Friday, February 13, 2015

The Oscar Race

Next week, I’ll publish my series of Oscar Predictions for each category – except for the shorts. I’ve already written the piece, but I’m still tinkering with it a little bit – especially in the picture, director and actor categories, which I remain undecided on. Before the Guilds started to chime in, it looked like Boyhood was going to win in a walk – but then in surprising moves the PGA and DGA both gave its top awards to Birdman – to go along with its expected victory with the SAG ensemble awards. The only film to win those three awards and lose the Best Picture Oscar was Apollo 13 back in 1995 – but that film didn’t have its director, Ron Howard, nominated. So then, it’s Birdman, right? Not so fast, because the day after the DGA seemed to cement Birdman’s status as the prohibitive frontrunner, the BAFTAs came along and gave the top two prizes to Boyhood. There is Academy overlap with all of these groups, which gives us some insight to what the industry as a whole is thinking.

Should we be surprised by this late surge for Birdman? I was at first, but as more time passes, I’m not as surprised. All season long – from the summer until December – Boyhood looked like it could do it – and looked like a surer bet as one by one the supposed heavy hitters, like Interstellar or Unbroken, fell by the wayside. The Imitation Game was supposed to be this year’s The King’s Speech – but it never quite gathered that momentum either. Selma looked like it could be a late breaking entry – and then the Academy virtually ignored it, giving it Picture and Song nominations, and nothing else. But through most of the season, I assumed something would eventually overtake Boyhood to become the frontrunner. My reasoning was simple – it`s a Richard Linklater film, in every sense of the word. This is a director who has been making films steadily since 1991 when he broke through with Slacker. He has made his own brand of distinctive films ever since – with a few detours into the mainstream – and the many have been critically acclaimed. And the Academy has virtually ignored them. In total, before Boyhood Richard Linklater films had received just two nominations – for the screenplays for Before Sunset and Before Midnight. Everything else has been ignored. While Boyhood may well be his best film – it`s still very much a Linklater film. You can tell the same man is behind it as was behind Slacker or Dazed and Confused or Waking Life or Bernie or the Before films –and the Academy had never responded to any of them before. What made everyone so sure they would go with him this year for Boyhood?

I just never expected the big challenger to be Birdman – which has been one of the most acclaimed films since its debut at Venice and Telluride this fall, and a definite player, but one that few assumed could actually break through and win the big award. Keaton, sure, but not picture. Perhaps though, it shouldn’t surprise us very much. After all, while the Academy has not traditionally been big on films about movies and Hollywood, they have turned that way in the past few years – giving The Artist (2011) and Argo (2012) the top prizes. They may have been the first two about Hollywood (at least marginally so in the case of Argo) to win, but they are recent. And Birdman does, in many ways, fit in with those films. It is about how hard it is to be an artist – to try and do good work, and how important it is. It also picks on some things the Academy clearly does not like – critics, the media, social media and superhero movies. While the film is energetic and daring on a visual level – something seems more geared towards younger audiences, its message actually appeals more towards more traditional members of Hollywood – the kind that dominate the Academy. It may, in fact, have the best of both worlds. And to top it off, unlike Boyhood, it is directed by a man whose work they clearly like – Alejandro Inarritu – his previous four films – Amores Perros, 21 Grams, Babel and Biutiful - have all been Oscar nominated. Birdman may be a comedy, which those films were not, but it’s still clearly the work of the same man.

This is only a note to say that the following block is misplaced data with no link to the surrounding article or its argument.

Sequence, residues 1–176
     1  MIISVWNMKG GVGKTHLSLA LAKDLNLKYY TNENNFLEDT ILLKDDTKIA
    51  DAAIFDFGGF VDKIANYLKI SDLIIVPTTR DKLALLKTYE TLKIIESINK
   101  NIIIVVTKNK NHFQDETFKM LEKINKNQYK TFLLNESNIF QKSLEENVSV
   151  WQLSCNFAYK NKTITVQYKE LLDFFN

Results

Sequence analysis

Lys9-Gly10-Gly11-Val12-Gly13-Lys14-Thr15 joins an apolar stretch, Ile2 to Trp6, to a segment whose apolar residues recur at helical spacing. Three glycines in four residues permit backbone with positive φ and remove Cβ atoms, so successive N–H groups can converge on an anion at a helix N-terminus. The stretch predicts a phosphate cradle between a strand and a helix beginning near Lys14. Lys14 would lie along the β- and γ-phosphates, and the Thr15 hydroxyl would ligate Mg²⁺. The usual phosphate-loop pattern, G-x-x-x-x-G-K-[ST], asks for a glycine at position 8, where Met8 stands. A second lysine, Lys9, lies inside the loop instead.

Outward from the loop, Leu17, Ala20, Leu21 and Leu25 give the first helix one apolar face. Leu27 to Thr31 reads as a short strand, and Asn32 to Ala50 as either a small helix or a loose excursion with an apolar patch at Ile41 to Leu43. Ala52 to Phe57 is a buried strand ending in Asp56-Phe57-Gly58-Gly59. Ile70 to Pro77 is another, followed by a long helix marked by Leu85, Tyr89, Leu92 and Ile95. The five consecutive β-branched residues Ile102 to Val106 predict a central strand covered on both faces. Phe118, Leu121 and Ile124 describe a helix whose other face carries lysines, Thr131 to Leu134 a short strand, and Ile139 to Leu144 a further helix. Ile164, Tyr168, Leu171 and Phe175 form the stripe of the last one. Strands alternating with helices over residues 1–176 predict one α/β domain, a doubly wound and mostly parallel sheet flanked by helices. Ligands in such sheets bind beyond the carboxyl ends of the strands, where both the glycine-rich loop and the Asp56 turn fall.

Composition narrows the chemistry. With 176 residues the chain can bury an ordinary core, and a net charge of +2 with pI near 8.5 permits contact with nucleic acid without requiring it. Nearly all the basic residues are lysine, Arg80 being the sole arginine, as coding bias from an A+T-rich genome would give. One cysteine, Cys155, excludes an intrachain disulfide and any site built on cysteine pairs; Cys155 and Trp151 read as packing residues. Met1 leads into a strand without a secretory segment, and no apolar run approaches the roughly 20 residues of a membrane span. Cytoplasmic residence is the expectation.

So, it comes down to Birdman and Boyhood for Best Picture. I don’t think you can really make a case for the other 6 nominees to actually win. Whiplash has a lot of passionate support, but I do think it really does skew too young for the Academy as whole to give it the Best Picture win. Selma obviously had some broad support to get into the Best Picture race – but why didn’t it get in anywhere else other than song (I would love to see the vote totals, to find out how many times Selma placed 6th in the nominating round – which would give more credence to the fact that the late breaking campaign, with a lack of screeners, hurt the film too much) – but there has been significant pushback from Academy members when they have been called racist for not nominating it for more. The twin British genius movies – The Imitation Game and The Theory of Everything – have just never been able to quite build enough support to push them through for the win. You could argue that The Grand Budapest Hotel’s probable domination of the below the line categories (Production Design, Costume Design, Makeup and Score seem likely, with Original Screenplay also looking good) couple with the overall broad support could push it through – but I doubt it. Like Linklater, Wes Anderson is a distinctive filmmaker with a long list of credits that the Academy has pretty much ignored – and other than beating Birdman head to head at the Golden Globes for Best Picture Comedy or Musical, there has been no indication that it can garner enough support to win the big prize. Likewise, you could argue that the fact that American Sniper became a cultural phenomenon so late in the game – after the nominations came out – that none of the earlier awards groups had given it enough of a chance in the nominating round, so it could push through – especially since the Academy is older than most of those groups, and clearly loves Eastwood. But the fact that the film has become such on hit with those on the right probably kills it – whether they are or not, the Academy considers itself liberal for the most part, and I don’t see them wanting to align themselves with the likes of Sarah Palin.